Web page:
This November yet again sees the eyes of the art world descend upon Edinburgh when the Edinburgh Art Fair plays host to 65 galleries of national and international standing and opens its doors to the 12,000 or so visitors expected for the largest event of its type to take place in the UK outside London.

The organisers of the event, East Lothian based Arte in Europa, are excited that this years event will prove bigger than ever before with a full quota of exhibitors already confirmed and a list of artists that is truly a “who’s who” in the world of contemporary art.

“Notwithstanding the plethora of successful artists showing, the fair does not solely cater for collectors of these big named artists”, Andy Naismith of Arte in Europa is keen to point out, “there is also a huge range of work from many highly talented artists just starting out in their careers. Picking up on these future stars is without doubt one of the best ways of starting ones own collection of original art, and the fair is without doubt the best opportunity of seeing the work of these artists alongside the current stars of the art world”.

With prices starting at just £75 and peaking at around £45,000 there is always something for most tastes and budgets at the Edinburgh Art Fair and this year is certainly no exception.

The Edinburgh Art Fair takes place at the Edinburgh Corn Exchange in Chesser and is open to the public till Sunday 21st November. Doors open at 11am daily. Entrance fee is £6 / £4 concessions with unlimited re-entry throughout the weekend.

Further information on the fair can be found at or by calling Arte in Europa on 01875 819595.

Original artworks by the great granddaughter of the world-renowned French impressionist painter, Camille Pissarro are to be shown by one of the exhibiting galleries at the Corn Exchange this weekend.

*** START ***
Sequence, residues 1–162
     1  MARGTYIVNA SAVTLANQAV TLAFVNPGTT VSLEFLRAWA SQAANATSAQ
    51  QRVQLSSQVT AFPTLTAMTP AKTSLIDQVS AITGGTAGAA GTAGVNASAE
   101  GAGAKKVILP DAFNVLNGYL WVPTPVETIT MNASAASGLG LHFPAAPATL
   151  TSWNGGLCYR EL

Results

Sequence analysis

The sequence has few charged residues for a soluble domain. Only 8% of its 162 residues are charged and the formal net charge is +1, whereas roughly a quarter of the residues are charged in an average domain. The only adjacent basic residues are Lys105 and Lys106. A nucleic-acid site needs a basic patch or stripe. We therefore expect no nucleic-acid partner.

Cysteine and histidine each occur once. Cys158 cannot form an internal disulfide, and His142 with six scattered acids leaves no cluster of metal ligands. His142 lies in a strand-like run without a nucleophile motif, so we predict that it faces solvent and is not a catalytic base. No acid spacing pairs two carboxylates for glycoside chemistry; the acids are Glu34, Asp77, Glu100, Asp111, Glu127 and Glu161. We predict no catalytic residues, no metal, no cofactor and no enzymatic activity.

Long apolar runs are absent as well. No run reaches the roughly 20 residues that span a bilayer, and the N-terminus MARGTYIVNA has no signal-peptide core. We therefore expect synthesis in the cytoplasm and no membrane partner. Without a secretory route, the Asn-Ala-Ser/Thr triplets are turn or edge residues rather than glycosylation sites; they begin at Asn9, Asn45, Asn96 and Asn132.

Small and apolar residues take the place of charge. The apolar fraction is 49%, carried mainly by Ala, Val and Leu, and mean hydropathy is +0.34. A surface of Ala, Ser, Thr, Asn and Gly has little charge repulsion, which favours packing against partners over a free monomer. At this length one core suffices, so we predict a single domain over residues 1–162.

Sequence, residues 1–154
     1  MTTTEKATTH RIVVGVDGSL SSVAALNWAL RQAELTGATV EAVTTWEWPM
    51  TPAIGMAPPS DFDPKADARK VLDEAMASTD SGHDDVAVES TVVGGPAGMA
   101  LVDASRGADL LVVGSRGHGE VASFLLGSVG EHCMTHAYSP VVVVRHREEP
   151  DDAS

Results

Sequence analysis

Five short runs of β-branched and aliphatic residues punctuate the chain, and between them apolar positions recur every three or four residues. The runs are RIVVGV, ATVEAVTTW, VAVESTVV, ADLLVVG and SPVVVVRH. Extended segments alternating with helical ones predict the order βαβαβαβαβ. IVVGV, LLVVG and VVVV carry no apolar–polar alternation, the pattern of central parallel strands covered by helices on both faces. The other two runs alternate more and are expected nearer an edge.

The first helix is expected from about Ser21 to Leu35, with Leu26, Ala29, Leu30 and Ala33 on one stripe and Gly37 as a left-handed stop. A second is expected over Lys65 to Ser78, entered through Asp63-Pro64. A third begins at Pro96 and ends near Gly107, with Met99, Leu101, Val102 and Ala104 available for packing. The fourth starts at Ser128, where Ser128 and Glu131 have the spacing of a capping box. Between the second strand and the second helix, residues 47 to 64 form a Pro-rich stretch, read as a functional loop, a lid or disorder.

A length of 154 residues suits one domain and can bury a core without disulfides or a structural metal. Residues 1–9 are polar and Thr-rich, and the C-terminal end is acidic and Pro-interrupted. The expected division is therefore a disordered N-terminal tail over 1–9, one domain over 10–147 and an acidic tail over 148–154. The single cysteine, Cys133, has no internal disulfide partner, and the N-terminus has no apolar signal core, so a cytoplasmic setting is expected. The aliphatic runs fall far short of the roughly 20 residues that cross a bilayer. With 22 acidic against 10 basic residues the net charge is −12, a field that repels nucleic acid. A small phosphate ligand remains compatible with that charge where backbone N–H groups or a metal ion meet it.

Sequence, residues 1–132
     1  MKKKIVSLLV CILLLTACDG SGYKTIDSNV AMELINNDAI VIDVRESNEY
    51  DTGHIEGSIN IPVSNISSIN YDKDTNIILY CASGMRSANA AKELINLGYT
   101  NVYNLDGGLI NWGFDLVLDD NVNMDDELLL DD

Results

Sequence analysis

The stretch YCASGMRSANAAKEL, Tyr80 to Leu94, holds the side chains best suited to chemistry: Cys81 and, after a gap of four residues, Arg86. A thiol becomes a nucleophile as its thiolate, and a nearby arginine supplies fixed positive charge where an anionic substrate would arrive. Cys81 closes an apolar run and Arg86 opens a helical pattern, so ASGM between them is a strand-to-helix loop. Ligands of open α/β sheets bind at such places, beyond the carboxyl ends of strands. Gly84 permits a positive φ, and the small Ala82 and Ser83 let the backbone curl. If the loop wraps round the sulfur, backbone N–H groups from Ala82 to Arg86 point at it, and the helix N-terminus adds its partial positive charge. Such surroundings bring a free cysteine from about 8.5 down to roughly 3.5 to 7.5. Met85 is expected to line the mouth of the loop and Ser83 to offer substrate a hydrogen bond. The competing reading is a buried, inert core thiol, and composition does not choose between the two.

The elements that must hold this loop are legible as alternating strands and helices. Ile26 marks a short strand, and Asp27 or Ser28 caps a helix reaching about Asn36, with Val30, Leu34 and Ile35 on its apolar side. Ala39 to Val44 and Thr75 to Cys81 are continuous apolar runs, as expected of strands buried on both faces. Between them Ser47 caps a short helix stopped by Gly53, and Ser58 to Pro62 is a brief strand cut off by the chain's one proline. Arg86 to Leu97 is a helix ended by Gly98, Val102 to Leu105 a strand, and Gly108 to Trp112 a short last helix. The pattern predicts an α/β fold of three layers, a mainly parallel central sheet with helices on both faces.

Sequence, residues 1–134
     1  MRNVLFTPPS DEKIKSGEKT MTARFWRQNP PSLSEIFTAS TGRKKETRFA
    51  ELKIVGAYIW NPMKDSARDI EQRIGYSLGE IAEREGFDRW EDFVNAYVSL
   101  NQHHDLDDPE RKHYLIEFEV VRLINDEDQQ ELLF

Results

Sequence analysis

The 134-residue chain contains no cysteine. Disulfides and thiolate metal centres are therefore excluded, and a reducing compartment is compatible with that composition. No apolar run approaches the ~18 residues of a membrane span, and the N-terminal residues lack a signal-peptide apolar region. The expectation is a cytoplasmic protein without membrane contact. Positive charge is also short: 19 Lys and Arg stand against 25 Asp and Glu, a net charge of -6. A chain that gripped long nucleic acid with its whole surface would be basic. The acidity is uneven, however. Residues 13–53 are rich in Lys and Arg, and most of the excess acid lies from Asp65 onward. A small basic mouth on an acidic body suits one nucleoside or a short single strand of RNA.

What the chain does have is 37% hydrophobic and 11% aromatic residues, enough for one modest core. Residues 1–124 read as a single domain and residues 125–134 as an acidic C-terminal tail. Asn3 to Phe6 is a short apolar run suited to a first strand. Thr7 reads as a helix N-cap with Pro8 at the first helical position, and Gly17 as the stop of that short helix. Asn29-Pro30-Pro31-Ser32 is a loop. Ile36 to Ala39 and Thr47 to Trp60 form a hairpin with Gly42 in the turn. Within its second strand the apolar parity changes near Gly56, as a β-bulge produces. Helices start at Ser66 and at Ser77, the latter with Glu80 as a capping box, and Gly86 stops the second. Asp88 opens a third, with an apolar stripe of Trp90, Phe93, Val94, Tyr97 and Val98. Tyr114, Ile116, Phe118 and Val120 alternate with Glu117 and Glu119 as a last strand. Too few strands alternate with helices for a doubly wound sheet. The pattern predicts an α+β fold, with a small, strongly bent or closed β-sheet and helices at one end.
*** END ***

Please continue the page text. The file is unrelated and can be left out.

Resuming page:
Lélia Pissarro, who is represented at the fair by Art World Gallery, was born in Paris on July 27, 1963, the third and youngest child of Hugues Claude Pissarro and Katia, an art-dealer. From her infancy until the age of eleven, she was entrusted to the care of her grandparents, Paulémile Pissarro and his wife Yvonne, and her interest in drawing and painting was nurtured during these years while living at Clécy in Normandy. Paulémile taught her the fundamental Impressionist and Post-Impressionist techniques that had been taught to him by his father and his brothers, and so began her love for figurative art. She sold her first canvas to Wally Findlay, a New York art dealer, when she was only four years of age, and before his death in 1972, Paulémile made her promise to retain her family name, to continue painting, and to make art her life.

At the age of eleven Lélia returned to Paris to live with her parents, and it was then that she had her first exhibitions at the Salon de la Jeune Peinture, where she was, in all probability, the youngest ever exhibitor. Hugues Claude, whose style veered towards conceptual art, took over for Paulémile as Lelia’s teacher, and consequently she practiced drawing on a daily basis.

At fifteen she took part in an exhibition at the Luxembourg Museum in Paris, and a year later, having excelled in a special examination, enrolled at the Ecole des Beaux-Arts in Tours. With her parents dividing their time between France and California, Lélia found herself moving between Tours, Paris and San Francisco. During this period she became dissatisfied with conceptual art and reverted to the family’s traditional creative roots, which distanced her from her avant-garde teachers. However, during the late 1980’s, as the figurative style once again became fashionable, greater public interest has been shown in her work.

While in Paris, Lélia taught art at the Moria School and studied oil painting restoration under Mme De Pangalleria at the Louvre’s laboratory. During this time she has had solo exhibitions in Paris, Lyon, Mulhouse and Rennes.

Following the tradition of her great-grandfather, Camille Pissarro, her grandfather, Paulémile, and her father, Hugues Claude, this fourth-generation artist made an important contribution to the recent series of exhibitions entitled Pissarro – The Four Generations. In 1998 Japan hosted the most recent of these, with a touring exhibition to five major museums.